Though Fairfax and Cromwell had been forced from their position as mediators into a hearty co-operation with the army, its political direction rested at this moment with Cromwell's son-in-law, Henry Ireton, and Ireton looked for a real settlement, not to the Parliament, but to the King. " There must be some difference," he urged bluntly, " between conquerors and conquered; " but the terms which he laid before Charles were terms of studied moderation. The vindictive spirit which the Parliament had shown against the royalists and the Church disappeared in the terms exacted by the New Model; and the army contented itself with the banishment of seven leading " delinquents," a general Act of Oblivion for the rest, the withdrawal of all coercive power from the clergy, the control of Parliament over the military and naval forces for ten years, and its nomination of the great officers of State. Behind these demands however came a masterly and comprehensive plan of political reform which had already been sketched by the army in the "Humble Representation," with which it had begun its march on London. Belief and worship were to be free to all. Acts enforcing the use of the Prayer-book, or attendance at Church, or the enforcement of the Covenant were to be repealed.

Even Catholics, whatever other restraints might be imposed, were to be freed from the bondage of compulsory worship. Parliaments were to be triennial, and the House of Commons to be reformed by a fairer distribution of seats and of electoral rights; taxation was to be readjusted; legal procedure simplified; a crowd of political, commercial, and judicial privileges abolished. Ireton believed that Charles could be "so managed" (says Mrs. Hutchinson) "as to comply with the public good of his people after he could no longer uphold his violent will." But Charles was equally dead to the moderation and to the wisdom of this great Act of Settlement. He saw in the crisis nothing but an opportunity of balancing one party against another; and believed that the army had more need of his aid than he of the army's. " You cannot do without me - you are lost if I do not support you," he said to Ireton as he pressed his proposals. " You have an intention to be the arbitrator between us and the Parliament," Ireton quietly replied, "and we mean to be so between the Parliament and your Majesty." But the King's tone was soon explained. A mob of Londoners broke into the House of Commons, and forced its members to recall the eleven.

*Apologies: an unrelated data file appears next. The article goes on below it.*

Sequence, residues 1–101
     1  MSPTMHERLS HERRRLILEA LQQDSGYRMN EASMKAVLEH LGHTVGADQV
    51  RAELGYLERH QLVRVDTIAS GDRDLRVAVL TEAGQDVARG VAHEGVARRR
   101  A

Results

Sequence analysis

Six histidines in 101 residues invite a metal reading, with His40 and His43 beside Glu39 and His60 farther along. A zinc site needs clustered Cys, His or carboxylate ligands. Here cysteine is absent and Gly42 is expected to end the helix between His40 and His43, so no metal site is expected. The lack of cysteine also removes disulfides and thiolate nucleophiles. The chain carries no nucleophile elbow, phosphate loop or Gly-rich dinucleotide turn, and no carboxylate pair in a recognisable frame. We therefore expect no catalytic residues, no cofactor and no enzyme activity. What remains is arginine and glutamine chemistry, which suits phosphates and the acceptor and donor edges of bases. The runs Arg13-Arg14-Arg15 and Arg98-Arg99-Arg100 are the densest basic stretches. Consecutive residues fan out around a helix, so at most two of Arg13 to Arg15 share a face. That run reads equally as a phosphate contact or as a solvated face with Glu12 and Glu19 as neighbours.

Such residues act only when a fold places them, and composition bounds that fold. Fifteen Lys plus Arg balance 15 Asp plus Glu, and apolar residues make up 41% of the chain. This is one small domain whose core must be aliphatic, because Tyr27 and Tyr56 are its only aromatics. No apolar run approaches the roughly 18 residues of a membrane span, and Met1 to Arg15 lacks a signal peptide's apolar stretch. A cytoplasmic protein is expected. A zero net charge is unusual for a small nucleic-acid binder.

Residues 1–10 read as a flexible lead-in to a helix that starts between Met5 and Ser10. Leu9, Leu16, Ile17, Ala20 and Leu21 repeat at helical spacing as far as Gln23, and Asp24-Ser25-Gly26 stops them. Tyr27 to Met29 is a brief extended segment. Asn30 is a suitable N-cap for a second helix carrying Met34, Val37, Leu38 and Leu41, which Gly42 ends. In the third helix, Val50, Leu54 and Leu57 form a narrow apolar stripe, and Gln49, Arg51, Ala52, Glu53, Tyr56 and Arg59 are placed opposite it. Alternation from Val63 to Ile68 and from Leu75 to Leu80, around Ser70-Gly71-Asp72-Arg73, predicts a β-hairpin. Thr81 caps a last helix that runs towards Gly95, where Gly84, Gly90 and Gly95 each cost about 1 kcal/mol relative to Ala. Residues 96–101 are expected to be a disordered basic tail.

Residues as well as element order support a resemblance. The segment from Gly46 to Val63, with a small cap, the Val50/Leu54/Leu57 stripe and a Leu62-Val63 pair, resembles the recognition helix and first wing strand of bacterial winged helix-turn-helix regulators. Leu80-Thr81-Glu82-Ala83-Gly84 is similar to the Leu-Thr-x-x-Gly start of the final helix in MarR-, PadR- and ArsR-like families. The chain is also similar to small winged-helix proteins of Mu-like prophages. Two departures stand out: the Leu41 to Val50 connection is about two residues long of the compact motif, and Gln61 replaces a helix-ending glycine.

While some fourteen peers and a hundred commoners fled to the army, those who remained at Westminster prepared for an open struggle with it, and invited Charles to return to London. But the news no sooner reached the camp than the army was again on the march. "In two days," Cromwell said coolly, " the city will be in our hands." The soldiers entered London in triumph, and restored the fugitive members; the eleven were again expelled, and the army leaders resumed negotiations with the King. The indignation of the soldiers at his delays and intrigues made the task hourly more difficult; but Cromwell, who now threw his whole weight on Ireton's side, clung to the hope of accommodation with a passionate tenacity. His mind, conservative by tradition, and above all practical in temper, saw the political difficulties which would follow on the abolition of Monarchy, and in spite of the King's evasions he persisted in negotiating with him. But Cromwell stood almost alone; the Parliament refused to accept Ireton's proposals as a basis of peace, Charles still evaded, and the army grew restless and suspicious.